Hello everyone! If you’re like me, you’ve spent plenty of time thinking, “I wish Linux had an automated color-flatting tool.” Well, your days of wishing and hoping are over, because I have produced exactly the tool you’ve been wishing for. Behold:
As I launch into the exciting world of Chapter 2, I thought this might be a nice time to give you all a little peek into the process of making each page. Let’s take a look at the making of Page 1, start to finish.
The page begins as a script. I went back and forth a lot on what to open the chapter with, and ultimately decided to show Claire waking up on the first page, then cut to the parents talking on the second and third pages. Here’s what my script said:
We open with Claire awakening the following morning, happy at first and then transitioning to irritation as she thinks back to the events of the night before. She wants answers. She gets up.
Ruth is out at the shoreline, collecting marine life samples. Alan meets her with a cup of coffee on the way to the lighthouse. They discuss his dreams and his unsettled thoughts over the last couple days. Ruth mentions that she’s going on a trawling trip later.
As you may have noticed, these pages don’t really resemble that which I finally drew. These were a first draft and I ultimately scrapped them and tried again. (The slashes across the pages indicate that they are not for use in the final comic.) I eliminated the page with Claire because it seemed unnecessary and because I have a bad tendency to start chapters with characters waking up. Instead I decided to jump straight to the parents, and to merge their two pages into one, as it seemed a lot of that was filler. Here’s the final thumbnail (with this and all other images, I will display only the first panel. Click to see the rest):
As you can see, the dialogue and blocking are more or less solidified at this point, and the panel arrangements have been decided.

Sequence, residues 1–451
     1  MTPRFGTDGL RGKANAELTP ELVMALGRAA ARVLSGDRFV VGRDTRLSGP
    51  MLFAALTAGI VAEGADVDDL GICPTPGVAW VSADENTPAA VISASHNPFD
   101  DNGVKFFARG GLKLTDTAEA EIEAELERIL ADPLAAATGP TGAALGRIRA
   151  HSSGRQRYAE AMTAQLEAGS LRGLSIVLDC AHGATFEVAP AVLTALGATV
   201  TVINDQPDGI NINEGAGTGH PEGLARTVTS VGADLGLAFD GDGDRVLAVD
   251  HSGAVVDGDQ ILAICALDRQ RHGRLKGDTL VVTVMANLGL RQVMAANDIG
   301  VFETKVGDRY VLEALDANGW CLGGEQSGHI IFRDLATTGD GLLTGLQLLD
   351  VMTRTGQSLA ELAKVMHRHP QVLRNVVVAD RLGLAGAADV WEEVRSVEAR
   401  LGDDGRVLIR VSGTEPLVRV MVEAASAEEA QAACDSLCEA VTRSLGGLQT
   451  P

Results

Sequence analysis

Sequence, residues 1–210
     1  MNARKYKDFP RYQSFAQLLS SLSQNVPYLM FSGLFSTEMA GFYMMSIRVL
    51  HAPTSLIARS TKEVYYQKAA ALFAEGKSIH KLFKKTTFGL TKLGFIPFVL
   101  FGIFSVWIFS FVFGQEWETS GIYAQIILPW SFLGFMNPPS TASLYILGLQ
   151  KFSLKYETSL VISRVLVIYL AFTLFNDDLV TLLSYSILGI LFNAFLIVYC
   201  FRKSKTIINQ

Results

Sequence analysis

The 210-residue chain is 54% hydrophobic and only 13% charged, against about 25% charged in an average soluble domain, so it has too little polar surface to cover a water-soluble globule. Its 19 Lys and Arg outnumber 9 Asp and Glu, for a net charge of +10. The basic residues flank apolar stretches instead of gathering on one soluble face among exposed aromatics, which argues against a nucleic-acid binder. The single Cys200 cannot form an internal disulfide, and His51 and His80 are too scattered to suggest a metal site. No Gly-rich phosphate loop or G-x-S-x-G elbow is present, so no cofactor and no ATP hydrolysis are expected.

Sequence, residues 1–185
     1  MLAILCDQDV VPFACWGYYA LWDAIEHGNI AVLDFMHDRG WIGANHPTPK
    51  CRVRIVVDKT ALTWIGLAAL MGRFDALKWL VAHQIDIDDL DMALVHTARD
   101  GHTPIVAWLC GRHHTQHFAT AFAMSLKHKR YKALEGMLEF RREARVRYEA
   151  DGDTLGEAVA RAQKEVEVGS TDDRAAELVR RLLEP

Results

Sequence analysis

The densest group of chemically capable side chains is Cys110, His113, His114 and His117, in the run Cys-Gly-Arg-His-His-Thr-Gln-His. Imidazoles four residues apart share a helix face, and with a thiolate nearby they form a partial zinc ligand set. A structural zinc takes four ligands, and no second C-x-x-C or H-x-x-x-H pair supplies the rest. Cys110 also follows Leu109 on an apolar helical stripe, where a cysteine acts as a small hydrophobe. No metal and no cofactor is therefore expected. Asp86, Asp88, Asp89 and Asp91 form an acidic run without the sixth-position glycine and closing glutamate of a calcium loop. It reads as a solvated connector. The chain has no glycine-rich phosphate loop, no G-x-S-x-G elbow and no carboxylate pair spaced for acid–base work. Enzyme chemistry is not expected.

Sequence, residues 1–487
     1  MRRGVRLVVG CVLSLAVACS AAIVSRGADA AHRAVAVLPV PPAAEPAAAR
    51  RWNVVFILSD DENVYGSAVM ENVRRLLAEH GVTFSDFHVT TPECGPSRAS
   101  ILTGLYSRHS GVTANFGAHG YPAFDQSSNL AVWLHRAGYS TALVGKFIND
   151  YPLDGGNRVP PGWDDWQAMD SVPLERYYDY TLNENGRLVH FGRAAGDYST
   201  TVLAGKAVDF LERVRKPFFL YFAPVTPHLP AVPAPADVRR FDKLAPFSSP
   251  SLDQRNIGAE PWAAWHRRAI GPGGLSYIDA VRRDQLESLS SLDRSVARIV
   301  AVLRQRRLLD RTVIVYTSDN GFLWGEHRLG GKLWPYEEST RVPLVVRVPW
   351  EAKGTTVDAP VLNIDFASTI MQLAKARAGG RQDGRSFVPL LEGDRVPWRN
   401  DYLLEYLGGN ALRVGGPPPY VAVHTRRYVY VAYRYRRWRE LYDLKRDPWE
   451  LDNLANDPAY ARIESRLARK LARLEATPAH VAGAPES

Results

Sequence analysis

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Illustration for the New England Society of Children’s Book Writers and Illustrators Conference 2014. Linework: Hunt 100, Color: Krita
Hey, remember that teaser I posted back in December? Well, it turns out it’s not another abandoned project, because Chapter 1 of that comic, which will is called The Non-Seen, will be debuting in the Comic section on April 1. I’d hoped to post this announcement a lot earlier so that there could be a period of anticipation, but I was too preoccupied with the comic itself to get the announcement together. The Reader Orientation is available now, and the first few pages will all appear on Tuesday. For the first month there will be two pages a week, and after that it’s probable that I’ll have to go to one page per week, but we’ll see. Enjoy!
I’ve been wanting to gain some familiarity with the Unity game engine, so I did a little test with some old assets from Into the Titan. This, as you may recall, is the darkroom and the hallway leading up to it. I baked some nice lightmaps, which makes it considerably prettier. Comparison images are below the jump.
Texturing is not done, but it looks pretty nice already (at least I think so). I’m painting these textures by hand in watercolor. Most of the lighting here is dynamic (enabling a nice flashlight effect, not shown here), although the sunbeams on the floor are baked. More to come!
What’s this? Apparently I’m making a small game, maybe. More details to come.
Doing a little project to become better acquainted with Blender Game Engine features which have been around for an embarrassingly long time now. Here’s the Justice Canyon arrival area (from Into the Titan), by day and night. All dynamic lighting.
More to come…?
The complete anthology of Sunrise, my now-completed webcomic, is now available for purchase. Until February 16, the option of a signed and/or drawn-in copy is available. See this page for more details, or see below and after the fold for additional pictures and information. Click here to go ahead and order a copy for yourself.
I’ve been making some vector icons for a client and one of them involved a slide carousel… not exactly something easy to draw in SVG! However, I took a quick shortcut through 3D which I’m now going to share with you. Take a look:
- I started by modeling a simple slide carousel in Blender, which took only a few minutes. I only needed the shapes, not the lighting, so I rendered it with some shadeless materials, thusly:
- I then used Illustrator’s auto-tracing function to get the shapes from the render. Since the source image was very high-contrast, the tracer did a great job for once. At this stage I also drew in many of the simpler shapes, primarily circles.
- Finally, I imported the Illustrator file into Inkscape to apply gradient fills, because Illustrator’s gradient tools are a leading cause of brain cancer in graphic designers. (It’s true!) The slide dividers benefit nicely from some clever banded circular gradients, to give this final result:
Not bad! Had I tried to draw this from scratch in Illustrator, I’d probably still be working… instead it took less than half an hour, and is about as photoreal as vector graphics can be.